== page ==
It all sounds as if it would make very heavy reading, but that is not the case at all. Whilst the author does not shy away from some of the detail you would expect – decomposition, the disposal of medical remains, embalming and dressing a body, there is no salaciousness or irreverence. Instead, Doughty writes with compelling conviction about a subject which she has clearly made her life’s work and which is an important one for all of us. There is even humour, although never a lack of respect for the dead.

In some ways it is difficult to recommend this book as I have no doubt that most will shy away from even thinking about the subject matter. After all, death is the only certainty in life and most of us would prefer not to think about the realities. But I believe the discussions Doughty initiates are essential ones for 21st Century society and reading such a frank, passionate and enlightening book is a great way to open the debate. Go on. Read this book and then talk about it with your loved ones. It might just change your life. Or your death.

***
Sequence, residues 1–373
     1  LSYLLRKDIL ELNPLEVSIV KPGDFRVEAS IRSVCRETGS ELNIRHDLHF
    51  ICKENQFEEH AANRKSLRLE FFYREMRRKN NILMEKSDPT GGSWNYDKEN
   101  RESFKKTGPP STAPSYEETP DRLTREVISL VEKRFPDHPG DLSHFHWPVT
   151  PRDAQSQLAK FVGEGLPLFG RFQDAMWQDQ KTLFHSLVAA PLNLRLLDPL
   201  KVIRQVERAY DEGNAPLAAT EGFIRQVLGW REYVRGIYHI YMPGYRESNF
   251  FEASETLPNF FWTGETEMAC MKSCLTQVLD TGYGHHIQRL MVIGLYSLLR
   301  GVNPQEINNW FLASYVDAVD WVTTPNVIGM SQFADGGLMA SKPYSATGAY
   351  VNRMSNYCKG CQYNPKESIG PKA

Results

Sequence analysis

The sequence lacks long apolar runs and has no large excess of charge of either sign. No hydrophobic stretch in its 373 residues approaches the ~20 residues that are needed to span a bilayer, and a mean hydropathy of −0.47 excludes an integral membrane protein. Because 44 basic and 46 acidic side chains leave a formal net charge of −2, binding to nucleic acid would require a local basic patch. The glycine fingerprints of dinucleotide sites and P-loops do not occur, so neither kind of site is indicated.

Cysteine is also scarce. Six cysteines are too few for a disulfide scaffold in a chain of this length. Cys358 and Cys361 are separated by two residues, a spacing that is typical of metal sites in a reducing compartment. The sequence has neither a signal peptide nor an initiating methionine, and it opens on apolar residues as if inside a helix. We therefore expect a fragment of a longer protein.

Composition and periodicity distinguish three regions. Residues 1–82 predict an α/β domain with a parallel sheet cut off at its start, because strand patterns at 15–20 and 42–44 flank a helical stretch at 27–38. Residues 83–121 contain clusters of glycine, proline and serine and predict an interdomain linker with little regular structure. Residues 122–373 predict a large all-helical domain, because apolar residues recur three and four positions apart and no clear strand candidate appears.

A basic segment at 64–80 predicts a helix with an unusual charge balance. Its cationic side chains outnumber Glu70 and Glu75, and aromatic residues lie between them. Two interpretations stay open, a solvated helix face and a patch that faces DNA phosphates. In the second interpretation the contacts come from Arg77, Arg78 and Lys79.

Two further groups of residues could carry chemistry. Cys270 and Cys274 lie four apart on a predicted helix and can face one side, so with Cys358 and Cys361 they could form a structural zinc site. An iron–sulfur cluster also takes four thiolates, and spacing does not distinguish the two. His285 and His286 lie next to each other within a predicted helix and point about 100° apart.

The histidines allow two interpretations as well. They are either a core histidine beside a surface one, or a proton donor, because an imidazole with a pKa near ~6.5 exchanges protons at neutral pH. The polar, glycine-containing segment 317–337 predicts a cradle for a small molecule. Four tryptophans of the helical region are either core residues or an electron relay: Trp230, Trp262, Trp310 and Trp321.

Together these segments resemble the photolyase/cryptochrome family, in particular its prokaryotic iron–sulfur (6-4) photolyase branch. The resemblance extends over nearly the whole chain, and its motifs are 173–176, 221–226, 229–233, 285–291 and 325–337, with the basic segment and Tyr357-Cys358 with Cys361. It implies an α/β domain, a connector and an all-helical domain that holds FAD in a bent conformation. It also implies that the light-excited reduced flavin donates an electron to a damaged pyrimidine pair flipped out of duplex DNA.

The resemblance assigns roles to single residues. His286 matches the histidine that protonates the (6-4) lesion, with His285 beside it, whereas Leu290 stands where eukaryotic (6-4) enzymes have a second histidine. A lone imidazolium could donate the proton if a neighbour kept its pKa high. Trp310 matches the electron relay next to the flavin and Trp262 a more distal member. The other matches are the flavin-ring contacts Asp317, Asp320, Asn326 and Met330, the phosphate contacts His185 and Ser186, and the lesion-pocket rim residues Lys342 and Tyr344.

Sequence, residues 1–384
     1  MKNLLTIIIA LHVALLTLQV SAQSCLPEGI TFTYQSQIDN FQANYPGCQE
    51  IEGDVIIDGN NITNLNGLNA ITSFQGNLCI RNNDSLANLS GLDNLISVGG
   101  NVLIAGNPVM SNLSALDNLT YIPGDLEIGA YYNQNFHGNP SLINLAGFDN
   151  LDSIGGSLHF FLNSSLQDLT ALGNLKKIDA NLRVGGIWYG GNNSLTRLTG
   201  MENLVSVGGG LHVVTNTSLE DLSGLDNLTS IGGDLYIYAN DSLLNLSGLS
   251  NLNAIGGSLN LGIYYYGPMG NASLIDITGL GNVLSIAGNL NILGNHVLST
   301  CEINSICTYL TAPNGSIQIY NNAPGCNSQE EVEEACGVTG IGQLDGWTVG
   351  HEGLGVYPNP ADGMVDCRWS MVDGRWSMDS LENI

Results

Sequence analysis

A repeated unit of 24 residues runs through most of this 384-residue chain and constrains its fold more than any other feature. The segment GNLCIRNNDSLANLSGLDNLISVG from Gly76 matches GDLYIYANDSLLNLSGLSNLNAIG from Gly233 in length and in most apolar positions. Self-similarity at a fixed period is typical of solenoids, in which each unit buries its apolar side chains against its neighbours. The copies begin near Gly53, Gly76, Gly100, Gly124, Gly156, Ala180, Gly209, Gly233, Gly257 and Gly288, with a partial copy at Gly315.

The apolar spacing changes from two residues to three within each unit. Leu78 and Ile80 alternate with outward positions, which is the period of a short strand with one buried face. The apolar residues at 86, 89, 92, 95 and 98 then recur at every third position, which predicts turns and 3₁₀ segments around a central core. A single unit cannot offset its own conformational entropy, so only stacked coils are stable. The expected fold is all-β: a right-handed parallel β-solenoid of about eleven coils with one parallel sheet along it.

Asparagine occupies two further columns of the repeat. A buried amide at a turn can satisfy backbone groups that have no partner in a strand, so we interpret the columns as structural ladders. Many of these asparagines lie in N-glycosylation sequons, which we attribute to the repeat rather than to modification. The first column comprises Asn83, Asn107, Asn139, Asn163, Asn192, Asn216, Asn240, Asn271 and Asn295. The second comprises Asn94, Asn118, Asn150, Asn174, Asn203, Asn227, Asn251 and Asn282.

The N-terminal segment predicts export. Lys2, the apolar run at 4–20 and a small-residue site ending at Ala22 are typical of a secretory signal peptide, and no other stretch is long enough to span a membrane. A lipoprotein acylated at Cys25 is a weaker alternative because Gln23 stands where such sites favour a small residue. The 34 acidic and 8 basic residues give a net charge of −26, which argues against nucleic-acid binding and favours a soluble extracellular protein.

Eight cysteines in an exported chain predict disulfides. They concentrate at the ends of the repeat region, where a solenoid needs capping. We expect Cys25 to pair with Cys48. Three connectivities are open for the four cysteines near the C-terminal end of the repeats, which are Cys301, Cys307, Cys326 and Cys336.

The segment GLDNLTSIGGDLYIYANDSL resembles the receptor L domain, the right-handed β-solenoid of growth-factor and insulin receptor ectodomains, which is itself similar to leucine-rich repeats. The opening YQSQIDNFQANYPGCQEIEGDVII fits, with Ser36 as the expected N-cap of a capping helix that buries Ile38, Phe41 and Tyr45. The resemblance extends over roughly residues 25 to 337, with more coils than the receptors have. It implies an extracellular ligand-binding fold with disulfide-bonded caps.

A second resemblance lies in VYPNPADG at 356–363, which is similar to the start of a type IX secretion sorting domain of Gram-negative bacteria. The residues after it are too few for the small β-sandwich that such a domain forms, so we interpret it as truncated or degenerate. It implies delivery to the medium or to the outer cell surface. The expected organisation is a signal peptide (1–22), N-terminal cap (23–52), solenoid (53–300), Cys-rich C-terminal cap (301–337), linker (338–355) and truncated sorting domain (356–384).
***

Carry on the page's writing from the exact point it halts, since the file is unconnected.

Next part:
Book No 3 (2016) : The Visitors

The VisitorsWhen I was a child, I was fascinated by the life of Helen Keller, an American deafblind woman whose world was transformed by the patience and techniques of her teacher and companion, Anne Sullivan. Sullivan literally unlocked Helen’s world, enabling her pupil to flourish: Keller was the first deafblind person to achieve a BA and she went on to become a renowned author. It is an amazing story.